A List of Names
It was back in my early twenties that I first heard the concept of developing a names list. I was sitting at my parent’s dining room table where my boyfriend (now husband) just finished showing me a business plan. I remember him distinctly saying, “Who do you know that we could share this idea with? Let’s write their names down.” We both took a sheet of paper, separated for 20 minutes and began to write down names. We got back together and I handed him my names list, full of 7 potential prospects. Needless to say, I had a lot to learn about Network Marketing!

Producing a names list seemed like a big commitment to me when I first entered this industry. I felt that if I wrote down a name, I was committing myself to share a presentation as soon as possible, even if it was poor timing in the prospects life. Have you ever felt that way? I have since learned that compiling names and information isn’t always for an immediate approach (contact), take off (presentation) and landing (registration).

After handing Lance my 7 names that first day, he wasn’t impressed. In fact he laughed and turned me around to “go try again.” So, I did and returned after racking my brain for 5 more people, who I could “see” getting into our new business. This would be my first lesson in network marketing. As I handed him my list, he handed me the phone. I was rejected 10 times, leaving me with 2 yes’s, thanks mom, and my best friend Jamie. By the end of the day, my immediate approach (Without knowing what to say), my take off (Without knowing what to show), resulted in two CRASH Landings! Two “No’s and I was out of business.

Well I was out of business….Until the next day when Lance came over with a yellow pad of paper for his new business partner (Me) and said this, “Write everyone down that you would invite to our wedding.” Well, now he was talking! After an hour or so, I handed him my most prized names list, full of family, longtime friends and even some new acquaintances. The list even had phone numbers and addresses.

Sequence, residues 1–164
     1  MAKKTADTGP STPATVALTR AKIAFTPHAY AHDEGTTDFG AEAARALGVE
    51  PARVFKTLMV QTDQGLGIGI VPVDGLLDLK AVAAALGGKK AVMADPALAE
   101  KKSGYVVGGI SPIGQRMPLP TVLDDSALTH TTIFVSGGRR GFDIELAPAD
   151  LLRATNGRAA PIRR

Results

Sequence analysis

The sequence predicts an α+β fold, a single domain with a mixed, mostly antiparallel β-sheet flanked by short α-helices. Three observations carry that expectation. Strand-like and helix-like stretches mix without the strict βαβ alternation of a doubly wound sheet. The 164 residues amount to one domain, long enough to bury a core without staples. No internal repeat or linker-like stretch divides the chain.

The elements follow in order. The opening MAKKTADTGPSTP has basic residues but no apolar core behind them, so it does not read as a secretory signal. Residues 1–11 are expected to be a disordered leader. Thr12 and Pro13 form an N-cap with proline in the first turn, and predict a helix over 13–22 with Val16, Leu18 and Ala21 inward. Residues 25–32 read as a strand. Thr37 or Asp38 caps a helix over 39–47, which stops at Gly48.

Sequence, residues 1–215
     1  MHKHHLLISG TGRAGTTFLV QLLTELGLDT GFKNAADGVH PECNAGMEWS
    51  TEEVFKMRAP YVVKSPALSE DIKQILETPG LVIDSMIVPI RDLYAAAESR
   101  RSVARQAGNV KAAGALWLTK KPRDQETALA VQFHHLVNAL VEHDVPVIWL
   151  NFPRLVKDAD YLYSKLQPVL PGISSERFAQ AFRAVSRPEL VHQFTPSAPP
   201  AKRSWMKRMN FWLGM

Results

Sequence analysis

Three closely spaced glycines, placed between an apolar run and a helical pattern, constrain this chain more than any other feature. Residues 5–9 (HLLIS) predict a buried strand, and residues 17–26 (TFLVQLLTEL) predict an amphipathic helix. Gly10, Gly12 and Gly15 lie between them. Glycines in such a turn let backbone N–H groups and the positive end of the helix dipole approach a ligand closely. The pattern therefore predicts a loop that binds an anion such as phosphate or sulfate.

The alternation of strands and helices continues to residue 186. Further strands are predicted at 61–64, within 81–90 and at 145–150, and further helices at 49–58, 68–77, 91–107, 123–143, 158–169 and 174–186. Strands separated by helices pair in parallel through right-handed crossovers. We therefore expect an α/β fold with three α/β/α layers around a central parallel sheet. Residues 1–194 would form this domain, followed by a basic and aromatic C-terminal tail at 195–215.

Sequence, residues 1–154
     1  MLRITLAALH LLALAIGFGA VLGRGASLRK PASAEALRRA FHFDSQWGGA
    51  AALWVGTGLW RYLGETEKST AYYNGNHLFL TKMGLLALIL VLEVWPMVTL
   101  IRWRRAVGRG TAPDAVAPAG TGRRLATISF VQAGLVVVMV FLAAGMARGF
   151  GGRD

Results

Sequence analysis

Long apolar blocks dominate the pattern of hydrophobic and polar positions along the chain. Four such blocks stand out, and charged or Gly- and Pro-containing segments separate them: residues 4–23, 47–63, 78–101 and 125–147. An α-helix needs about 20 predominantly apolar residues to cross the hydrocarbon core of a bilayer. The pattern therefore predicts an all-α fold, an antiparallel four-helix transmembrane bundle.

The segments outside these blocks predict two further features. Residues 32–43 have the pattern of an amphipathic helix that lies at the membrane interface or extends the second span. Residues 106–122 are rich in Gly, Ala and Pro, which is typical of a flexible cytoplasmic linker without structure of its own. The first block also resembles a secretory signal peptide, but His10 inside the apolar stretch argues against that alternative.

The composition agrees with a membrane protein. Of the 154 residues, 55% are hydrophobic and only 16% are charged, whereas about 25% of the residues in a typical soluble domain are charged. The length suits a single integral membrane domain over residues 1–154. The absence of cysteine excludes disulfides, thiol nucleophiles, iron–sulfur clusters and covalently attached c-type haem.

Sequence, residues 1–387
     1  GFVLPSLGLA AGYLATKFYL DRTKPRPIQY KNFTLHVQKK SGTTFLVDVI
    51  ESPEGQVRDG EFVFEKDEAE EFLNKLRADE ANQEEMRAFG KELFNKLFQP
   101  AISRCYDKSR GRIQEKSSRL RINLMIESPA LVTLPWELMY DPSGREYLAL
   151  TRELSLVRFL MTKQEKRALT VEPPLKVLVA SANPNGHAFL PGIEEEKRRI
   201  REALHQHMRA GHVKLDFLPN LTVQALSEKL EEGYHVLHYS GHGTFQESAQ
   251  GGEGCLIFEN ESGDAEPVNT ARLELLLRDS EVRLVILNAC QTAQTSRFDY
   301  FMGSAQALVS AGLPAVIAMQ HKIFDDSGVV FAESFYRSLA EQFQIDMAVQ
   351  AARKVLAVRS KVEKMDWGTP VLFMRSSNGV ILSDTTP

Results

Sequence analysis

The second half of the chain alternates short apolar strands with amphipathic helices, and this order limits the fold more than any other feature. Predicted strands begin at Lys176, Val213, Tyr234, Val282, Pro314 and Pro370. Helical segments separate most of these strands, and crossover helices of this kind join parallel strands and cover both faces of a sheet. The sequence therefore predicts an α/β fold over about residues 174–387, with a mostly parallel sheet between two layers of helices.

I was ready!

The names were flowing, I felt free to write these names down because I wasn’t having to prequalify if I thought they would suit my business. I learned a BIG lesson that day, “Never pre-qualify a potential business partner. The ones you think will join, most often won’t and the ones that you think won’t, often will!” This took a lot of trust and confidence after my first nights attempt. I was confident that we would be using a different flight plan.

Some lessons and resources that have helped me through my networking years.

1. You must develop a names list and add to it daily.

2. You need to write down as much information about your prospect, to see when/if ever they would be a good fit for your business, then tailor your presentation around their needs.

3. Before you personally contact, know how they will fit in your team and where they will be placed. Give them something to lose or miss without making a decision.

4. While you share the business concept, knowing their “why” and showing them “why I contacted you” will set you both at ease and create a team.

5. Don’t drag your feet contacting, but still pause and concentrate on your prospect before just taking off and pushing full throttle. Ease into your approach its way more comfortable for you and the prospect.

6. Know that there will be “No’s”, but their “No” isn’t the end of your business… in fact, you are just closer to a “Yes.”

7. Never scratch someone off your list. We don’t always know what’s happening in people’s personal lives. They may not be a yes now, but they could be a yes later.

Contacting was my scariest exercise in this business. It still takes hours of practice for me and lots of role playing with Lance. Naturally, I’m a very shy person and being nervous on an approach doesn’t come across very well. One of my greatest lessons on contacting was when I read the book; “The Nordstrom’s Way.” Nordstrom’s started as a shoe company, to improve salesmanship, a catalog contacting system was developed for every customer. Each salesman was instructed to keep a contact list which would have:

1. Name
2. Age
3. Gender
4. Height
5. Size
6. Width
7. Style
8. Brands
9. Recorded past purchases
10. Last attempted call and requested call back
11. Calendar to book follow up

What an incredible example of a names list that would produce a relaxed (contact) = a successful approach, (comfortable invite) and an easy landing, (plan showed)

Developing a list of names is the first step to not only business development, but it’s also a way for you to continue to dream and have hope for a successful future.
Tracey Smith